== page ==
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Screenshot from PBS News Hour’s live recording of the Ahmaud Arbery murder trial

Surveillance video from inside 220 Satilla Drive on Feb. 11, 2020 shows who is believed to be Ahmaud Arbery looking around the under-construction property. The homeowner testified that the man is often seen on surveillance 'plundering around' but never seen taking anything from the property.  

BRUNSWICK, Georgia — Closing arguments in the Ahmaud Arbery murder trial are expected to begin Monday following the defense resting its case Thursday.   

Travis McMichael, who admitted to pulling the trigger on Arbery, testified Tuesday and Wednesday; his father, Greg McMichael, and neighbor, William “Roddie” Bryan, did not take the stand in their defense.  

The three white men are accused of chasing and following Arbery, a Black man, for approximately five minutes throughout the Satilla Shores neighborhood Feb. 23, 2020. 

Attorneys for the McMichaels said they were attempting to perform a citizen’s arrest on Arbery, who they’d seen on a surveillance video on several occasions entering a home under construction a few houses down at 220 Satilla Drive.

More than a handful of witnesses testified on behalf of the defense — all residents of the Satilla Shores neighborhood. They were questioned about concerns they’d had on thefts or suspicious persons in the neighborhood.  

Resident Sube Lawrence testified that her three boys became afraid to play outside after hearing of car break-ins and suspicious persons in the neighborhood.  

“It was kinda disappointing” that her children weren’t getting an opportunity to grow up in a safe neighborhood, Lawrence said, holding back tears.  

Lawrence was an administrator of a Facebook page that residents in the neighborhood used to report crimes or incidents, or get ideas or recommendation for various services in the area, she said.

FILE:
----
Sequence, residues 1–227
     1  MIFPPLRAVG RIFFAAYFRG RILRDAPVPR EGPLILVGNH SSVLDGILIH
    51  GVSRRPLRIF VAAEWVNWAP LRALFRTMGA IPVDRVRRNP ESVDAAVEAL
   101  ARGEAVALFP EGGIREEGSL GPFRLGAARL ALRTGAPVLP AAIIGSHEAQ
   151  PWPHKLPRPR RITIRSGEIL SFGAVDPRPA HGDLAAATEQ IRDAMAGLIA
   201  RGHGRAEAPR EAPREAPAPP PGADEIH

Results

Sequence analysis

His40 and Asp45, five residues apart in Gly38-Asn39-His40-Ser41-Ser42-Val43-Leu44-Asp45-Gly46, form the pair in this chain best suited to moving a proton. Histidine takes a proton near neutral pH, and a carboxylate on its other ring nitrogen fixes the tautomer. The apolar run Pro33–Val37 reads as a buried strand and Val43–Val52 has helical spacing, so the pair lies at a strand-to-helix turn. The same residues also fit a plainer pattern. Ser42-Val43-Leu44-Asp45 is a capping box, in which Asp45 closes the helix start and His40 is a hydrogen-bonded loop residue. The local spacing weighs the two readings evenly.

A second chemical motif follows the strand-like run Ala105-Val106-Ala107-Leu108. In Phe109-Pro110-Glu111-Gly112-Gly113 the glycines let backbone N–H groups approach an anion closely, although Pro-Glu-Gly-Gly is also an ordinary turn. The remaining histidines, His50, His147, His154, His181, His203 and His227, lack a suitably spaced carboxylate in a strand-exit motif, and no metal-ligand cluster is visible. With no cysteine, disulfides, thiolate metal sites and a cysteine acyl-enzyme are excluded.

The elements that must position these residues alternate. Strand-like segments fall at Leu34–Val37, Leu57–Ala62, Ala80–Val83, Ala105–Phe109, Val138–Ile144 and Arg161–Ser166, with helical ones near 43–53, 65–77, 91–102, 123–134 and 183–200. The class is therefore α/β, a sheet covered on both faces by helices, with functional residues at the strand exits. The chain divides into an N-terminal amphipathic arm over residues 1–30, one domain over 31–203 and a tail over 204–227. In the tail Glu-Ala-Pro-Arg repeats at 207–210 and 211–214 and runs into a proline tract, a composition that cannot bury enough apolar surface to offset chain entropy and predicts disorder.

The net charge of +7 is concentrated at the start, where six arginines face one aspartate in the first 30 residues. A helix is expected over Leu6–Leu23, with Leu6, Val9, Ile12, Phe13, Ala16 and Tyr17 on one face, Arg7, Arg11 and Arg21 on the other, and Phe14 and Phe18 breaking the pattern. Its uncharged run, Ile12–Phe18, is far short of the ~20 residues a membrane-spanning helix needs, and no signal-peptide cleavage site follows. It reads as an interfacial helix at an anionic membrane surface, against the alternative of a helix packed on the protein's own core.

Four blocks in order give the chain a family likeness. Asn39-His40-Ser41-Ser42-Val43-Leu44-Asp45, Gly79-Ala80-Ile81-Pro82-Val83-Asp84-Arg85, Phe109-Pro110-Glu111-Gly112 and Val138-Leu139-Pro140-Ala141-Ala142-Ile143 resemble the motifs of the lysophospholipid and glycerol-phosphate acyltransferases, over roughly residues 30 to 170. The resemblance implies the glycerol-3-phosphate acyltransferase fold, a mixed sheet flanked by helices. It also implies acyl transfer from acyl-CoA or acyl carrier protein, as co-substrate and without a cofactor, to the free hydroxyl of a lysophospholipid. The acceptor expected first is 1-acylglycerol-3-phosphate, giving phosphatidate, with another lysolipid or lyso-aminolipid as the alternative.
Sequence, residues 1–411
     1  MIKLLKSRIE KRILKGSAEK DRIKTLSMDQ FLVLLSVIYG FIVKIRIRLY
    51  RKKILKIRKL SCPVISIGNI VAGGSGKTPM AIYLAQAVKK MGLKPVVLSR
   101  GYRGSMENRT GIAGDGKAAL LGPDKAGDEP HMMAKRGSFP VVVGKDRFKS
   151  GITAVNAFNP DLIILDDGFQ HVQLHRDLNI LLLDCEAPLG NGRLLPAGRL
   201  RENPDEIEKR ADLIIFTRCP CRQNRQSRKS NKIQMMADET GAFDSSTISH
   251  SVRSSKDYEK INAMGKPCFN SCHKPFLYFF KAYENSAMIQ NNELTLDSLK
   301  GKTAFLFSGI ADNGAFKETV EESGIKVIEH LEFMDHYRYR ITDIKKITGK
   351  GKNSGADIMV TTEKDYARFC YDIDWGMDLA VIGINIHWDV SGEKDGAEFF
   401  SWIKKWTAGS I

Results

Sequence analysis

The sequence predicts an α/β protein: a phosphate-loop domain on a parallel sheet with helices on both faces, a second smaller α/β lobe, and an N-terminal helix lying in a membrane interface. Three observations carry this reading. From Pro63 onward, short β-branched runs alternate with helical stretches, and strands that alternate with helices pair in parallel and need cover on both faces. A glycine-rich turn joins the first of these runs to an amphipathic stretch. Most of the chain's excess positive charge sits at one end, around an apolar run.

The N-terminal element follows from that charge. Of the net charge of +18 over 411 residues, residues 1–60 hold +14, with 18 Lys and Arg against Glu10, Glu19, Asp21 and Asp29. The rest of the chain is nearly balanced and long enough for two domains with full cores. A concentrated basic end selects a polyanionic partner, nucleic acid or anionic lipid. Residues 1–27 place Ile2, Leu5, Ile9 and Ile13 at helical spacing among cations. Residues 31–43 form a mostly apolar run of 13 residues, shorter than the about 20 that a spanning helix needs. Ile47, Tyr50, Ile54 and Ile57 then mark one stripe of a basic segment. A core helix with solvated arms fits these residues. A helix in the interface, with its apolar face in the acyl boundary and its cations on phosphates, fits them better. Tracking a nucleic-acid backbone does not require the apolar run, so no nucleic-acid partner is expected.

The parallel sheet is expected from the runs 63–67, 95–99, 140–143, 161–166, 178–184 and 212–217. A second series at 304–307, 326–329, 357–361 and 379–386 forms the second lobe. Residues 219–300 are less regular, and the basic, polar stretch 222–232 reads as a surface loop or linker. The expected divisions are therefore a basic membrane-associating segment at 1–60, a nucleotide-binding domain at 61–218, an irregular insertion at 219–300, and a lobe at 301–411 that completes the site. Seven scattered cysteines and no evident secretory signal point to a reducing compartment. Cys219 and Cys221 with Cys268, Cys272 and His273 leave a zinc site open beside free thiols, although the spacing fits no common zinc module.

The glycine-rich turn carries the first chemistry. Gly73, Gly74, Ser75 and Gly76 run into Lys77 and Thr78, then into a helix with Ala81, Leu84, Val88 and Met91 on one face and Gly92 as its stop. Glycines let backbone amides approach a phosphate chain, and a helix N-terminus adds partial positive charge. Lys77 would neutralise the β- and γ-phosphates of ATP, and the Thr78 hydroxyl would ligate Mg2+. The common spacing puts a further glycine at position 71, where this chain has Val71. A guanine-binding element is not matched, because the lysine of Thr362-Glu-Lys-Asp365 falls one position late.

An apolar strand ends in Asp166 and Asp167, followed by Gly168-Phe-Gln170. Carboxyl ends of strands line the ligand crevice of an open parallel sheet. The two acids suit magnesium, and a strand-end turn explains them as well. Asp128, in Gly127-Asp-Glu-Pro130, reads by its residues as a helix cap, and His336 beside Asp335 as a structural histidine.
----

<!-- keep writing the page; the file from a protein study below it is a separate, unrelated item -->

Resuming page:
Several defense witnesses testified to learning of car break-ins or thefts that had occurred in the neighborhood through that Facebook page.  

On one Facebook post on the page reporting a theft, resident Brooke Perez recalled asking if the suspect was a Black man, with short hair and tattoos on his arm — matching Arbery’s description.  

Perez had recalled seeing a man fitting that description from surveillance video she’d seen from 220 Satilla Drive.  

The man was seen on video surveillance on several occasions “plundering around,” homeowner Larry English previously testified. English also testified that other people had been seen on his surveillance camera on occasions, and while he did report tools missing from his boat on the property, no one is seen on surveillance leaving with any items. 

On Feb. 11, Travis McMichael called police to report a Black man running into English’s doorless home. He told the 911 operator he was unsure if the man was armed, as he’d seen the man reach into his pocket before running into the home.  

By the time police arrived, the man could not be found. An officer on the scene showed the McMichaels and others the man seen on video surveillance from inside the home, according to testimony.